The plaintiff’s draft order applies formally only to Georgia State, but if the Court grants the plaintiffs what they seek, the result will be, in the words of Duke University’s Kevin Smith, “a nightmare scenario for higher education:” fair use would be destroyed, university faculty, students, and staff would be subjected to outrageously restrictive copyright policies, and every university would be required to hire a squad of copyright cops to ensure that faculty do the publishers’ bidding. And while it’s not an uncommon strategy to ask for far more than you expect to receive in a negotiation, which this proposed injunction surely is, your “highball” offer is certainly something that you wouldn’t mind having. What the plaintiffs are saying is that they are quite willing impose enormous costs on academic performance and academic freedom in exchange for higher profits. This is not the request of a friendly adversary; this is the attack of an enemy. (Yes, academic authors would also receive some financial benefit, but note that the typical split for incremental revenue is around 90-10 in favor of publishers, and that the additional revenue that publishers would receive under the plaintiffs’ draft order would be obtained NO additional cost incurred by the publishers beyond cashing checks and paying their lawyers.)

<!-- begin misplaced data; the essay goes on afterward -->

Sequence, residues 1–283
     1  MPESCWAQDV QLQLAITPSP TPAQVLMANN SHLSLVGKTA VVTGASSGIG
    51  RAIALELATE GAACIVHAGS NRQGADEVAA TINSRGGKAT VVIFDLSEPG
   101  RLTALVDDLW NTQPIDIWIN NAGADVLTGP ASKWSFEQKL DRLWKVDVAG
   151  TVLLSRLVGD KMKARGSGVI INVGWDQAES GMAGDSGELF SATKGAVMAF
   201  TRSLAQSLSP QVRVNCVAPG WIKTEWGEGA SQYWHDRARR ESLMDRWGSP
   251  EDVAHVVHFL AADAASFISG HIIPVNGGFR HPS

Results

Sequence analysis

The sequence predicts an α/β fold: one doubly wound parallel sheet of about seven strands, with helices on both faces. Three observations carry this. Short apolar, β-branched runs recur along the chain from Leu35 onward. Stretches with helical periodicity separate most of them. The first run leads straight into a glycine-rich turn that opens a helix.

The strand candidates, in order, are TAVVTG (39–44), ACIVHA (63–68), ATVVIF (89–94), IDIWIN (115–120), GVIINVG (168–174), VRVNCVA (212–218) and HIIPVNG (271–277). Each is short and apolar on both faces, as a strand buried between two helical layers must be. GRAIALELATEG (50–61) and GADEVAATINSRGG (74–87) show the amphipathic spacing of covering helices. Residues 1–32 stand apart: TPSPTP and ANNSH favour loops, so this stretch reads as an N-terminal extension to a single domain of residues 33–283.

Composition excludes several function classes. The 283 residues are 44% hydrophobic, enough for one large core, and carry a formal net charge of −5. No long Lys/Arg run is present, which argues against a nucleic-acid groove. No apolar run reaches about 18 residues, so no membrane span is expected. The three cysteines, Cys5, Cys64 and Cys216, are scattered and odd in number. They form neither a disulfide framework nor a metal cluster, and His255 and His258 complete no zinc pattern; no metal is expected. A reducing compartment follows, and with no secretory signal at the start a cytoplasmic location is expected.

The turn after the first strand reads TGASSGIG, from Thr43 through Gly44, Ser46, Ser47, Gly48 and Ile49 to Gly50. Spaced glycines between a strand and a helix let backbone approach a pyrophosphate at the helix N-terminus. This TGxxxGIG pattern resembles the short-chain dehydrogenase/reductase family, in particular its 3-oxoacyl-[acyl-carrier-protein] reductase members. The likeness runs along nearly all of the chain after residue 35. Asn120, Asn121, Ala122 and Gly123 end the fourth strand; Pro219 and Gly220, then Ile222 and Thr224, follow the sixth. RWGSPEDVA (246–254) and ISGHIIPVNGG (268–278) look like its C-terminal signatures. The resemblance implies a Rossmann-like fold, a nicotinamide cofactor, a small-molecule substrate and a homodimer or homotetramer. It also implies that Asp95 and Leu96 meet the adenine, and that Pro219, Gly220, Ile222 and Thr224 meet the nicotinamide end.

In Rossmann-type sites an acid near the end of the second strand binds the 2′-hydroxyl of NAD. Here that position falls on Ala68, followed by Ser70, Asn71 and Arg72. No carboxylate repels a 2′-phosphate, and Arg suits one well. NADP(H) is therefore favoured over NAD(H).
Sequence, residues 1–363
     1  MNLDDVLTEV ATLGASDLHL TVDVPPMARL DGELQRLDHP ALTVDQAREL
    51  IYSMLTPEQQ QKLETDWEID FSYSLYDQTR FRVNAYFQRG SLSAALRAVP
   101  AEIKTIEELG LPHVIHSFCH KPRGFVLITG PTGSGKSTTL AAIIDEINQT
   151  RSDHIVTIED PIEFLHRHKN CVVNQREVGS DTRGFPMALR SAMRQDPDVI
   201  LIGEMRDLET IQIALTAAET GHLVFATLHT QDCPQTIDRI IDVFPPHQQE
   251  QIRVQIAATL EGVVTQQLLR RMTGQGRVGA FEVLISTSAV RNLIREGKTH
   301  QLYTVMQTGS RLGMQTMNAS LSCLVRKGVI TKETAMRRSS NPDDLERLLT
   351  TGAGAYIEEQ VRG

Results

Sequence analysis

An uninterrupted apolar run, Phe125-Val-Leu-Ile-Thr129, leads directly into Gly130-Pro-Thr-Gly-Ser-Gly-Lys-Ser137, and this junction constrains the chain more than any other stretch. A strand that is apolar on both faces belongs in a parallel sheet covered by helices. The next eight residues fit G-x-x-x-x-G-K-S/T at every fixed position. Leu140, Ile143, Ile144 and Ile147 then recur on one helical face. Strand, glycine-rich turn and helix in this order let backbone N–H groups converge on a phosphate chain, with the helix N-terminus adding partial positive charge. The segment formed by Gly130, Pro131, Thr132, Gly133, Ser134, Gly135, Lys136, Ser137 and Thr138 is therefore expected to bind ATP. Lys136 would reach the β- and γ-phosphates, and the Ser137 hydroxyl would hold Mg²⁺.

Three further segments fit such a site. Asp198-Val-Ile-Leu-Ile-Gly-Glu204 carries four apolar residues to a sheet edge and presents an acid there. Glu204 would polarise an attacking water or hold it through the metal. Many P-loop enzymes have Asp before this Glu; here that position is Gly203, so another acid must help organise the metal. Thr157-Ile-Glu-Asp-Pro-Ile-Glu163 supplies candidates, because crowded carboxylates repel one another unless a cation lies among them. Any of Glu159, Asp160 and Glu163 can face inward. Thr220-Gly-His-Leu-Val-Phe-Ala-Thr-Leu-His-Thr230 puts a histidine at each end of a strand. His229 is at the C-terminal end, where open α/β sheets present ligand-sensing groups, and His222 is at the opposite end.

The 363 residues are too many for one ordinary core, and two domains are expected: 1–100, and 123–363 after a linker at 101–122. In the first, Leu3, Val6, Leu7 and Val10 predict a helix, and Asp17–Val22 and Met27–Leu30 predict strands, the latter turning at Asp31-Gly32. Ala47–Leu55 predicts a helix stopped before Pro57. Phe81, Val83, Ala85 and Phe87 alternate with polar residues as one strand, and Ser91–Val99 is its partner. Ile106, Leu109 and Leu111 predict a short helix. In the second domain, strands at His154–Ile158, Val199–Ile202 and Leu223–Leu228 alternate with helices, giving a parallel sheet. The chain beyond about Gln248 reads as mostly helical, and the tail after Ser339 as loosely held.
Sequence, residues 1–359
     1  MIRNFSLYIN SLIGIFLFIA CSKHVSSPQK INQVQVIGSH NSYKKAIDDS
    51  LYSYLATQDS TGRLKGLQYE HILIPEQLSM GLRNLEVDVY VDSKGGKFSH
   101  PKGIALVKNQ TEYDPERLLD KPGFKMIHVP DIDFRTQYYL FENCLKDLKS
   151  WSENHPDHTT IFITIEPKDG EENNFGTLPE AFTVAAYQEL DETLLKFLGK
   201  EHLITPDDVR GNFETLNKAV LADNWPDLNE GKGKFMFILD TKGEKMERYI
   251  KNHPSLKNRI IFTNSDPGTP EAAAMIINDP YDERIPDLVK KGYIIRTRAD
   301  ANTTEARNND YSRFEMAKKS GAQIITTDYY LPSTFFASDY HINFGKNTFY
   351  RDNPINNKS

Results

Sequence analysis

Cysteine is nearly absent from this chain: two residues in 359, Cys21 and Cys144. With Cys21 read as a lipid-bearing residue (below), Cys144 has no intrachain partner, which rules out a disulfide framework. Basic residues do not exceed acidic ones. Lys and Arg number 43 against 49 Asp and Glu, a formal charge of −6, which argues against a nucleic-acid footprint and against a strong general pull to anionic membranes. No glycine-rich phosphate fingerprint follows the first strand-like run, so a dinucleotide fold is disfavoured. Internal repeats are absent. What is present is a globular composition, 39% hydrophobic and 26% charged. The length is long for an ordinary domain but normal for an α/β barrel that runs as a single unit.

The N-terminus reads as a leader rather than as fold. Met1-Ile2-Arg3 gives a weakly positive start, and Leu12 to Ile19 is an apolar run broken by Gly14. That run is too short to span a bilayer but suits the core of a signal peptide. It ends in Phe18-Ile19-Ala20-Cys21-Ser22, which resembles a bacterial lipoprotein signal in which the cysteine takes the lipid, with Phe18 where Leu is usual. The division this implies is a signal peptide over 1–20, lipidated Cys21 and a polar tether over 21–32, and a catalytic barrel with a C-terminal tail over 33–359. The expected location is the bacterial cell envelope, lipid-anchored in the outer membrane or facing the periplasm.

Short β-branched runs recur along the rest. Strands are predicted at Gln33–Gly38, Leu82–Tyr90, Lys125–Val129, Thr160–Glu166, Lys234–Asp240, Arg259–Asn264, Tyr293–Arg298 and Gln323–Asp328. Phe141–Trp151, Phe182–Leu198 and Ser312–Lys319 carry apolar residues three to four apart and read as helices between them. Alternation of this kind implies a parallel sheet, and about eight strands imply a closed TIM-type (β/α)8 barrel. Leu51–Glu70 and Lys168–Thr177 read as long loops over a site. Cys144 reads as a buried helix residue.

As a faculty member, I do not know that I could comply with the restrictions in the proposed injunction for using copyrighted material in my classroom; they are too onerous and much too expensive. As an author and an educator, I have a great respect for copyright law, and I believe in a balance between creating incentives for authors and promoting the ”progress of science and the useful arts.” The proposed injunction does not strike that balance; it unreasonably restricts access to copyrighted works, eliminates fair use, and will force professors to spend much of their time in an exercise of copyright self-censorship. Imagine that if every time you wanted to quote from a text, show an image, or distribute a handout to your students you had to seek the approval of the University Copyright Police; the consequences would be dramatic. (Lest you think I am exaggerating, check out the form that, were the publishers to have their way, faculty would have to fill out every time they put copyrighted works on electronic reserve.